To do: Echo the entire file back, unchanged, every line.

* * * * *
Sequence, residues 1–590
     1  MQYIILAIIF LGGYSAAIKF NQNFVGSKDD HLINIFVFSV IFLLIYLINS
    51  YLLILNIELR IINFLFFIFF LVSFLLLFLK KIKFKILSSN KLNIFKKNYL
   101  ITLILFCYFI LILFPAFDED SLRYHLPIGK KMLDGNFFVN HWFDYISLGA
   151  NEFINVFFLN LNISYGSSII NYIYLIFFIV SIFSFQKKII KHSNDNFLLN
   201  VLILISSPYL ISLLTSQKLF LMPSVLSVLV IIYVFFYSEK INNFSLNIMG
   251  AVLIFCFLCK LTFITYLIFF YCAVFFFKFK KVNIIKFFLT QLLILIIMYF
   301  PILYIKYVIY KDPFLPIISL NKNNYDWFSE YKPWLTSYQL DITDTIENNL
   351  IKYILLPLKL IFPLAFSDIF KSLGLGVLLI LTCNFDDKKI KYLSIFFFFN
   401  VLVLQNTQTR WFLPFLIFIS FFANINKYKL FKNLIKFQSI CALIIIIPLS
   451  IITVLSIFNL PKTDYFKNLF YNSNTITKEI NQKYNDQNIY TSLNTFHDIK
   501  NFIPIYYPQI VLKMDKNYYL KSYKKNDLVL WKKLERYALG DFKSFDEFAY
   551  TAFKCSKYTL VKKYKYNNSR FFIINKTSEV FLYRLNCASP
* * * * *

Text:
Sequence, residues 1–590
     1  MQYIILAIIF LGGYSAAIKF NQNFVGSKDD HLINIFVFSV IFLLIYLINS
    51  YLLILNIELR IINFLFFIFF LVSFLLLFLK KIKFKILSSN KLNIFKKNYL
   101  ITLILFCYFI LILFPAFDED SLRYHLPIGK KMLDGNFFVN HWFDYISLGA
   151  NEFINVFFLN LNISYGSSII NYIYLIFFIV SIFSFQKKII KHSNDNFLLN
   201  VLILISSPYL ISLLTSQKLF LMPSVLSVLV IIYVFFYSEK INNFSLNIMG
   251  AVLIFCFLCK LTFITYLIFF YCAVFFFKFK KVNIIKFFLT QLLILIIMYF
   301  PILYIKYVIY KDPFLPIISL NKNNYDWFSE YKPWLTSYQL DITDTIENNL
   351  IKYILLPLKL IFPLAFSDIF KSLGLGVLLI LTCNFDDKKI KYLSIFFFFN
   401  VLVLQNTQTR WFLPFLIFIS FFANINKYKL FKNLIKFQSI CALIIIIPLS
   451  IITVLSIFNL PKTDYFKNLF YNSNTITKEI NQKYNDQNIY TSLNTFHDIK
   501  NFIPIYYPQI VLKMDKNYYL KSYKKNDLVL WKKLERYALG DFKSFDEFAY
   551  TAFKCSKYTL VKKYKYNNSR FFIINKTSEV FLYRLNCASP